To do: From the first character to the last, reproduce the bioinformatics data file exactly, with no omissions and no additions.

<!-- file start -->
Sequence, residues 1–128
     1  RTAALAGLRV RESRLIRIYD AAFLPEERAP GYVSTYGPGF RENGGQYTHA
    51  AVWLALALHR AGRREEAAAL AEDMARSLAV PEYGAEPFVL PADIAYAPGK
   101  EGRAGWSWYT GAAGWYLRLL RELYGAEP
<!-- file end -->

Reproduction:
Sequence, residues 1–128
     1  RTAALAGLRV RESRLIRIYD AAFLPEERAP GYVSTYGPGF RENGGQYTHA
    51  AVWLALALHR AGRREEAAAL AEDMARSLAV PEYGAEPFVL PADIAYAPGK
   101  EGRAGWSWYT GAAGWYLRLL RELYGAEP